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FRI0024 Interferon Gamma-Inducible Protein 16 (IFI16) in Rheumatoid Arthritis: A Novel Biomarker for Pulmonary Involvement?
  1. A. Alunno1,
  2. V. Caneparo2,
  3. O. Bistoni1,
  4. S. Caterbi1,
  5. R. Terenzi1,
  6. E. Bartoloni1,
  7. M. Gariglio2,
  8. S. Landolfo3,
  9. R. Gerli1
  1. 1Department of Medicine, Rheumatology Unit, University of Perugia, Perugia
  2. 2Department of Translational Medicine, Virology Unit, Novara Medical School, Novara
  3. 3Department of Public Health and Pediatric Sciences, Viral Pathogenesis Unit, Turin Medical School, Turin, Italy

Abstract

Background Increased expression of type I interferon (IFN) response genes, “the type I IFN signature”, has been described in several autoimmune inflammatory disorders including rheumatoid arthritis (RA). The IFN-gamma-inducible protein 16 (IFI16) is highly expressed in sera from patients with systemic lupus erythematosus, primary Sjogren's syndrome, systemic sclerosis and RA compared to healthy subjects (1-2). Such overexpression leads to the loss of tolerance towards this self-protein and the development of autoantibodies (autoAbs).

Objectives Aim of the present study was to investigate the possible clinical significance of IFI16 protein and anti-IFI16 autoAbs in RA.

Methods Serum samples were obtained from 154 patients with RA and 182 healthy donors (HD). Synovial fluid (SF) samples were obtained from 23 RA patients and 25 patients with osteoarthritis (OA). IFI16 protein concentration and anti-IFI16 titer were assessed in serum and SF with ELISA. At the time of enrollment clinical and serological parameters were recorded and possible association with IFI16 protein and anti-IFI16 autoAbs was assessed with Chi-Square test and binary logistic regression.

Results The mean serum levels of both IFI16 and anti-IFI16 Abs were higher in RA than in HD and a direct correlation between IFI16 concentration and anti-IFI16 Abs titer was observed in the patients. Almost all (94.6%) RA patients with significant IFI16 protein levels in the serum were positive for RF/ACPA, being only 3/56 IFI16+ patients negative for both. Also anti-IFI16 Abs were essentially present in RF/ACPA+ RA subjects (84.4%). Of great interest was the finding on the prevalence of RA-associated pulmonary disease among the different patient subgroups, since this extra-articular manifestation was closely associated with the presence of IFI16, but not anti-IFI16 Abs, in the serum. The odds ratio (OR) for pulmonary disease in presence of IFI16 was 4 (95% confidence interval-CI=1.6-10.4; p=0.003) and this association was independent of the concurrent presence of anti-IFI16 Abs, gender and smoking habit. When the same analysis was performed taking into account the concentration, rather than the presence/absence, of IFI16, it appeared that increasing amounts of the protein did not further increase the OR for pulmonary involvement. The mean concentrations of IFI16 protein and anti-IFI16 Abs in SF were both higher in RA patients than in control OA subjects. In both patient groups, no association between SF total/differential cell count and levels of IFI16 or anti-IFI16 Abs was found.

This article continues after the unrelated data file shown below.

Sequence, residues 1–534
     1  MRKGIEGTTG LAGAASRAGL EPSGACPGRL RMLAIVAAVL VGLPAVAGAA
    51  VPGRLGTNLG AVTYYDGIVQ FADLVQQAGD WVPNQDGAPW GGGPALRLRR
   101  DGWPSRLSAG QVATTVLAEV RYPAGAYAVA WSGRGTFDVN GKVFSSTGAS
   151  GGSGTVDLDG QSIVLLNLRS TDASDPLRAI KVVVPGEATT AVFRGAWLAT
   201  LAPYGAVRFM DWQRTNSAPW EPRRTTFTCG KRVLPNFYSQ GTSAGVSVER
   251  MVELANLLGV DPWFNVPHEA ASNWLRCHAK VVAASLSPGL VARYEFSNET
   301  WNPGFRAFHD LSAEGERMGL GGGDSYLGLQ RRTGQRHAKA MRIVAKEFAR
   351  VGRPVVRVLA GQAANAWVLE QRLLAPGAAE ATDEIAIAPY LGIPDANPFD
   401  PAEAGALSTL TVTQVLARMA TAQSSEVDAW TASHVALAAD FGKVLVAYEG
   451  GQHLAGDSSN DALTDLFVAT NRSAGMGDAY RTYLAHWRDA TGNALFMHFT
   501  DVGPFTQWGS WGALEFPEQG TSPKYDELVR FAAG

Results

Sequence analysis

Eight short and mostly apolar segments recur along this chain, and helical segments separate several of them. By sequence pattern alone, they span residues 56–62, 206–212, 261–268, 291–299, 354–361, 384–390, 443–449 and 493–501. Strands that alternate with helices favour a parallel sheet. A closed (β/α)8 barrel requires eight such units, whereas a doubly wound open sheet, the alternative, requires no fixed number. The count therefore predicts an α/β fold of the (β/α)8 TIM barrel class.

Conclusions Our data demonstrated that the high serum levels of IFI16 in RA are essentially present in subjects with RF/ACPA positivity and are closely associated with pulmonary involvement. These findings, intriguing from a pathogenic point of view, may also provide the rational to employ IFI16 as soluble biomarker for this manifestation in clinical practice.

References

  1. Costa S et al. Rheumatology 2011;50:674-681

  2. Caneparo V et al. Lupus. 2013;22:607-13

Disclosure of Interest None declared

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